Messenger - Vol. 1, No. 3, Page 2
Spring 1992
University of Delaware Annual Report
Highlighting the Year

Mary P. Richards, formerly dean of liberal arts at Auburn University,
was named dean of the College of Arts and Science, replacing Helen P.
Gouldner, who retired after 17 years' service.

John C. Nye, previously head of the Agricultural Engineering
Department at Louisiana State University in Baton Rouge, was named
dean of the College of Agricultural Sciences, replacing Donald F.
Crossan, who was dean of the college since 1977.

Costel D. Denson, professor of chemical engineering, was appointed
interim dean of the College of Engineering.

R. Byron Pipes, Robert L. Spencer Professor and dean of the College of
Engineering, was named provost and vice president for academic

Norman J. Wagner, assistant professor of chemical engineering,
received a five-year appointment as a Presidential Young Investigator
of the National Science Foundation, becoming the eighth member of the
faculty to be so honored.

William P. Markell, chairperson of the Department of Accounting, was
named the first Arthur Andersen Alumni Professor of Accounting.

Dick J. Wilkins, professor of mechanical engineering and former
director of the Center for Composite Materials, was named president of
the Delaware Technology Park-a joint venture involving the University,
industry and the state and federal government. Richard W. Garvine was
named the Maxwell P. and Mildred H. Harrington Professor of Marine

Thomas S. Ray, associate professor in the School of Life and Health
Sciences, took second prize in the Life and Health Sciences category
of the IBM Supercomputing Competition.

Marian L. Palley, professor of political science, was selected as
chairperson of the American Political Science Association's Commission
on the Status of Women.

The College of Urban Affairs and Public Policy was ranked fourth in
the nation among comparable graduate programs, after the Massachusetts
Institute of Technology and Carnegie Mellon and Syracuse universities.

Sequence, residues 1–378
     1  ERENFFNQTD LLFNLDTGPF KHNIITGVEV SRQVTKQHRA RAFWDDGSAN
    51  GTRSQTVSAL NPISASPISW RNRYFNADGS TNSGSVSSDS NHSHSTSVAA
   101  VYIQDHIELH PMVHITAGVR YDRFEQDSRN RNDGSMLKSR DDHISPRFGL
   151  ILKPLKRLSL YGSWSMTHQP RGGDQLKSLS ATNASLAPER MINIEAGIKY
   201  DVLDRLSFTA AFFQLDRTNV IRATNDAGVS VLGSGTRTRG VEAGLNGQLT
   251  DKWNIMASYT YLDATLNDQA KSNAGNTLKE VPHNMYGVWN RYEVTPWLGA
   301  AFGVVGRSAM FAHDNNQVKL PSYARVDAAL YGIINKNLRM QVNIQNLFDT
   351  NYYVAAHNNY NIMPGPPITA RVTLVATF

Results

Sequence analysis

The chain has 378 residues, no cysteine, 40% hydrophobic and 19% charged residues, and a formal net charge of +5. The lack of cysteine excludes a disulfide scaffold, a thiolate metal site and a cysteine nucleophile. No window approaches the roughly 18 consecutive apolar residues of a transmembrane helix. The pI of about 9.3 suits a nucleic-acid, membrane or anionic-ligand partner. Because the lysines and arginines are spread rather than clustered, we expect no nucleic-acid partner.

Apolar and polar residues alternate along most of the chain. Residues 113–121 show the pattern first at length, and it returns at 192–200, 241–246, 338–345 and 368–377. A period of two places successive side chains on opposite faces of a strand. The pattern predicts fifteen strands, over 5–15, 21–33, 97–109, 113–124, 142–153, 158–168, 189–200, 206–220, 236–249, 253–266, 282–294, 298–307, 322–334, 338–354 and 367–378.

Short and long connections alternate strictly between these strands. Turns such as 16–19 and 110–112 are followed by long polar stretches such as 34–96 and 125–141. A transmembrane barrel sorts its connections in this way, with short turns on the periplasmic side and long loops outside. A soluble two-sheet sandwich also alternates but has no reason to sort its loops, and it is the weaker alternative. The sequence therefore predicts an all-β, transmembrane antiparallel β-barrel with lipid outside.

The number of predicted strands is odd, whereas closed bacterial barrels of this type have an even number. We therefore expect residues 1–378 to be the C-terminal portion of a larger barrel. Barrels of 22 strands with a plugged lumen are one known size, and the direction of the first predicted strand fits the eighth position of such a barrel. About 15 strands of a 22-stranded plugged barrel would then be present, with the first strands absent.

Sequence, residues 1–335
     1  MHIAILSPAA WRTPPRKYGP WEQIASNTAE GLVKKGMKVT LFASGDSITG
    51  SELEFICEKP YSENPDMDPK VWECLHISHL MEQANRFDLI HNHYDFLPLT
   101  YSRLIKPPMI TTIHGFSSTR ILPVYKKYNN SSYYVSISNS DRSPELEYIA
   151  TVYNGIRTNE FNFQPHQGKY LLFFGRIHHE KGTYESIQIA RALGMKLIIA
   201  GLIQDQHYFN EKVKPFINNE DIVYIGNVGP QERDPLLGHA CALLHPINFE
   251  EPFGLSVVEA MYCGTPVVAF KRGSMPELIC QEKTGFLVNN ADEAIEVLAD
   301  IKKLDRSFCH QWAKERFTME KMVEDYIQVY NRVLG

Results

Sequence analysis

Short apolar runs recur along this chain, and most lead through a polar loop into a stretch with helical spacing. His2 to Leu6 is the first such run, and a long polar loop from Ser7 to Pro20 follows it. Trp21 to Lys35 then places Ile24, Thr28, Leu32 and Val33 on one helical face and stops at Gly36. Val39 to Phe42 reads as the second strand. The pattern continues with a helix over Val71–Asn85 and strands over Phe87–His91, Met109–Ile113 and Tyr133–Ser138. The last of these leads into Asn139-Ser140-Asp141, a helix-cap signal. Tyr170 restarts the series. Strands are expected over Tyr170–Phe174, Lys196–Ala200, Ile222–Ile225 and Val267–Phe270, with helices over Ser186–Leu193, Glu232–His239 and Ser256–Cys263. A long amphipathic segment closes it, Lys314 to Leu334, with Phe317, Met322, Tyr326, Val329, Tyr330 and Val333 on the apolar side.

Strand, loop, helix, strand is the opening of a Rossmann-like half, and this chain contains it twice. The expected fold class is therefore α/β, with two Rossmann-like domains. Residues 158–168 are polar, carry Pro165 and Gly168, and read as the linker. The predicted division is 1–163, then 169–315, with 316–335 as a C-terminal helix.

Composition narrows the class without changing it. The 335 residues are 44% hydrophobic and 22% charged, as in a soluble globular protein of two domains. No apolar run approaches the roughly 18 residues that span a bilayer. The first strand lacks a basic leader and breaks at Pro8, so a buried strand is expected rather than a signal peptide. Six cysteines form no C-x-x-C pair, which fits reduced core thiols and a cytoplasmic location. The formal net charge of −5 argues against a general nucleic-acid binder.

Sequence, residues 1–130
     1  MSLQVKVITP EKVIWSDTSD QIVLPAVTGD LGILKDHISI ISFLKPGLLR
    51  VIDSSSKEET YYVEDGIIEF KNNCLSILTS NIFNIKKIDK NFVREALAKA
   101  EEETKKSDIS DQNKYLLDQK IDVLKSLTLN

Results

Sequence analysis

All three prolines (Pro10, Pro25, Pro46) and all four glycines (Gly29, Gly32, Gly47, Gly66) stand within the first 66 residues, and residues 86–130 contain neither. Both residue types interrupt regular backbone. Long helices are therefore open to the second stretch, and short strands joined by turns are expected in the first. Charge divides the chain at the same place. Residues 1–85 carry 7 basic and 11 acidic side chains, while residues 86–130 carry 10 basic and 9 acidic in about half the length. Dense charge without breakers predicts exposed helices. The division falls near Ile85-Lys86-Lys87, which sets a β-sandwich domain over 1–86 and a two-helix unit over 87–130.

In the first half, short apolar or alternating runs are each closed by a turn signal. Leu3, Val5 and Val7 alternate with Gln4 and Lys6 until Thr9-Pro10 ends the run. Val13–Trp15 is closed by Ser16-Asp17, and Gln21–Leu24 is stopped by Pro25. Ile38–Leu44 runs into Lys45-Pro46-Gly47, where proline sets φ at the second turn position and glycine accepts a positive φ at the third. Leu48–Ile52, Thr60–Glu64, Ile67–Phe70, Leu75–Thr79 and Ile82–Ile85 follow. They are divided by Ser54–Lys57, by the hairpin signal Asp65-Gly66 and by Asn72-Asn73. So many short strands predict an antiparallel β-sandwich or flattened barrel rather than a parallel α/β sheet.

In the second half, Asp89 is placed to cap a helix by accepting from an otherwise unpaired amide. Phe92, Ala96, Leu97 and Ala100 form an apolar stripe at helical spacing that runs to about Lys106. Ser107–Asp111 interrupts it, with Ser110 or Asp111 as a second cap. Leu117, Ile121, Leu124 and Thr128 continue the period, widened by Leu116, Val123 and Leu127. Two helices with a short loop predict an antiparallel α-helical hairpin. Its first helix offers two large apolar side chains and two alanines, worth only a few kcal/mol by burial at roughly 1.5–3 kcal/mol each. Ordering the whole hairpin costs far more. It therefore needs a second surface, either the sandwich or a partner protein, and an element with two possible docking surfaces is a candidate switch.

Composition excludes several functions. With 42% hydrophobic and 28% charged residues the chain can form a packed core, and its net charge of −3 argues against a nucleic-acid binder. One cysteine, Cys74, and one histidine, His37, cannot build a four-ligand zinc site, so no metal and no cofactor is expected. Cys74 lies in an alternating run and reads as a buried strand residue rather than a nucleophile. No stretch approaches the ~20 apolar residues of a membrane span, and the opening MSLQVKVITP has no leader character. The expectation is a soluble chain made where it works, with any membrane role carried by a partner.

The college's M.P.A. program received commendatory six-year
reaccreditation from the National Association of Schools of Public
Affairs and Administration.

The College of Education received a favorable five-year accreditation
review by a team from the National Association of State Directors of
Teacher Edcation and Certifications, and the team reacted favorably to
the college's overall commitment to national issues in teacher

In the College of Human Resources, the Coordinated Undergraduate
Program in Dietetics received a 10-year accreditation by the American
Dietetic Association.

The College of Engineering established an Orthopedic and Biomechanical
Engineering Center, to enhance the practical applications of college
research and expertise.

The new Ray Street Residence Hall Complex is the first on campus to be
wired into the University's fiber-optic communications network.

After a two-month review by a campuswide, independent committee, the
University signed ARA Campus Dining Services of Radnor, Pa., as its
new dining services contractor.

The Department of Business Administration, in a joint effort with the
Du Pont Co., began an on-site MBA program for the company's employees,
allowing them to pursue educational goals while working full-time.

The Division of Continuing Education opened an on-site "campus" at the
coporate center of MBNA America, offering a full range of division
programs and services.

The College of Nursing offered its BS nursing degree, with all
non-clinical classes on videotape, and, for the first time, the
University broadcasted graduate classes in engineering in partnership
with the National Technological University organization.

The College of Agricultural Sciences Research and Education Center in